Hay Day Canticle    Leaf Press  2013

Hay Day Canticle Leaf Press 2013

1. 
The hay was mint and green and grew far off
in the west field that wobbled our racks, each one
pulled by a pair of nags who stopped to cough
 
now and then a green slobbery spasm the sun
made glimmer so we never thought to bring
a vet's help where age had entered and begun
 
under that wide blue sky speckled with wings
of hawk and insect and crow, and clouds
coming and going as if pulled on a string
 
by the wind's long arm, some days crowds
of grey up there huddled together to make
us turn our sweaty collars up, almost proud
 
we could pitch and work without a break
in any weather, throwing up the cut grass
into the rack, not minding how the snake
 
flung himself away from our feet-alas
the dogs were on him, flinging his narrow
soul up to those very clouds that passed
 
without bothering to note among the yarrow
the blood, among the shiny tines of our forks
the abandoned nest of the field sparrow
 
with its intricate beak-woven fancywork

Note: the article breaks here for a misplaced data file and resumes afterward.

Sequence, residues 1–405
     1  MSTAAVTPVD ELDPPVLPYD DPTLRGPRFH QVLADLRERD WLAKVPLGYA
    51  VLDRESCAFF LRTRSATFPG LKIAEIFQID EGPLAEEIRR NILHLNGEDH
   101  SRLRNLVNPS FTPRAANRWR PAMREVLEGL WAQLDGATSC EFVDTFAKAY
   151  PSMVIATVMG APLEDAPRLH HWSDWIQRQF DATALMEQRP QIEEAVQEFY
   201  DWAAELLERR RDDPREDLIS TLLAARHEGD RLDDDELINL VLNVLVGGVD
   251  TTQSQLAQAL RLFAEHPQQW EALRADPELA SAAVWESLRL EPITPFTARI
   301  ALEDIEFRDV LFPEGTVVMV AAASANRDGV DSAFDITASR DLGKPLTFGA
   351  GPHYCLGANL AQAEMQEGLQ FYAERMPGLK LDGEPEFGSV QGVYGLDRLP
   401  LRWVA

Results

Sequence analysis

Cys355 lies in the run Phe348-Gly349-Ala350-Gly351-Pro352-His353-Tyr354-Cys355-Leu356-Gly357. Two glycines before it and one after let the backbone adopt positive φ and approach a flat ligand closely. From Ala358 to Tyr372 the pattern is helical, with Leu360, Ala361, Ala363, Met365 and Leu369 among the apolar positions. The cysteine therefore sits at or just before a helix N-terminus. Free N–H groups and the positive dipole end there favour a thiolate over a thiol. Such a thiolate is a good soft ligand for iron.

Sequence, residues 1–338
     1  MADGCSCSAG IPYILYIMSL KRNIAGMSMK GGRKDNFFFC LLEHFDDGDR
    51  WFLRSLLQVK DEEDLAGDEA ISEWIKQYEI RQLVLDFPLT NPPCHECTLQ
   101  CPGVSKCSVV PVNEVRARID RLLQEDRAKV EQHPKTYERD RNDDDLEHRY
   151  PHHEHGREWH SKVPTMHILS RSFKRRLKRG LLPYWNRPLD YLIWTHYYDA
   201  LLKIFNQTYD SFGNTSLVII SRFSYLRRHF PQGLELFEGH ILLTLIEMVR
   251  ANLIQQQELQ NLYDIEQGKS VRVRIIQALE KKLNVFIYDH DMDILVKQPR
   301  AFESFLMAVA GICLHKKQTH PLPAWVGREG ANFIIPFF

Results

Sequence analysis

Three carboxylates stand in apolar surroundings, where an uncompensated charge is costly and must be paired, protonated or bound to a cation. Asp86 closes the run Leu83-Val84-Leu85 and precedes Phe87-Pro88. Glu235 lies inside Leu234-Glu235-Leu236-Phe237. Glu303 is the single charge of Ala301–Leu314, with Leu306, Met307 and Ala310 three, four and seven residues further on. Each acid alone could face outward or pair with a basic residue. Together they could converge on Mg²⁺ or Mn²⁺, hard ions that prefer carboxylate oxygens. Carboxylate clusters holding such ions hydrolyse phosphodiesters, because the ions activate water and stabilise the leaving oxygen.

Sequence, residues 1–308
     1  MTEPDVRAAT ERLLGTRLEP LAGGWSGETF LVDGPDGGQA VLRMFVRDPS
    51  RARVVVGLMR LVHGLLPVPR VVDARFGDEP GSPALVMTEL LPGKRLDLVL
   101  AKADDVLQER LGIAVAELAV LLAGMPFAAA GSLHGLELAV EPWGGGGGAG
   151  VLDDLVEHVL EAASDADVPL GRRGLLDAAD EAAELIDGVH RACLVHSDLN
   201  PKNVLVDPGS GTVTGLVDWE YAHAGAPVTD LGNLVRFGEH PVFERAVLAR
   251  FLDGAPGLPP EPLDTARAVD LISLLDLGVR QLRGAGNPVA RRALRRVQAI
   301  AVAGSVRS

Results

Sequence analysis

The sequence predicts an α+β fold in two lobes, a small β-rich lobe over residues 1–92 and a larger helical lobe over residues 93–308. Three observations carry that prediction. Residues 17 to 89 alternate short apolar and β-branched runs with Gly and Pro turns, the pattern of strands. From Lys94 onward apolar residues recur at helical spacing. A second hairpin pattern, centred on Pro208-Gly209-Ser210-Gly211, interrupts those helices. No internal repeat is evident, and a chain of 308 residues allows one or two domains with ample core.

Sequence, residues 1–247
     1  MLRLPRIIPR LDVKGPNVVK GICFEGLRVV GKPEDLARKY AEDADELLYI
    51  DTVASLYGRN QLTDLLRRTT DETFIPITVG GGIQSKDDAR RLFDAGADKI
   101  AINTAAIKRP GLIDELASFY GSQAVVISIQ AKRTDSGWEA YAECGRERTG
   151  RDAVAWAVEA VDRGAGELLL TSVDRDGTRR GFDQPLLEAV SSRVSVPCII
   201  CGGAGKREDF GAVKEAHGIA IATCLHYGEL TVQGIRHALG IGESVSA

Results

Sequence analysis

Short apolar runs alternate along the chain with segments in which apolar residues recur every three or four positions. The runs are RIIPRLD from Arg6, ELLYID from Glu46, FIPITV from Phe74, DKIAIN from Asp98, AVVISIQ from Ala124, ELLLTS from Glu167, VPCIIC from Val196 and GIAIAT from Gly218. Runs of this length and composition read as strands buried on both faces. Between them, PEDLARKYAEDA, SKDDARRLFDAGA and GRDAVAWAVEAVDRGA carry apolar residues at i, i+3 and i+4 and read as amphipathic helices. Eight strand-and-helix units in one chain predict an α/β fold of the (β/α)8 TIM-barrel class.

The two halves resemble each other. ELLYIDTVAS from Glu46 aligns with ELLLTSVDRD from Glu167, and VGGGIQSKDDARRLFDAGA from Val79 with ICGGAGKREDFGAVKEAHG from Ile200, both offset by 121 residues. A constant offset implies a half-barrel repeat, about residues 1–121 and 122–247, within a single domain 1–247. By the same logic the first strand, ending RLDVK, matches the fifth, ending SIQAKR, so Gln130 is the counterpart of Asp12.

that made me pause, not to admire but recall
end of day meant school's irksome homework


About Hay Day Canticle David says: "A portrait of an agricultural feed-supply salesman may be an unusual subject for a poem, and how I came upon the speaker in Hay Day Canticle is not entirely clear, but as his story presented itself to me, I followed him from prairie-farm childhood through first sex to marriage, affairs, baseball. At the time I had been reading Louis MacNeice's Autumn Sequel, a poem whose use of rhyme had long interested me. I suddenly found myself using MacNeice's form, and the result is this nine-part narrative, each part consisting of eight three-line stanzas, a shape helpful in releasing and containing the man's song of tragedies and joys."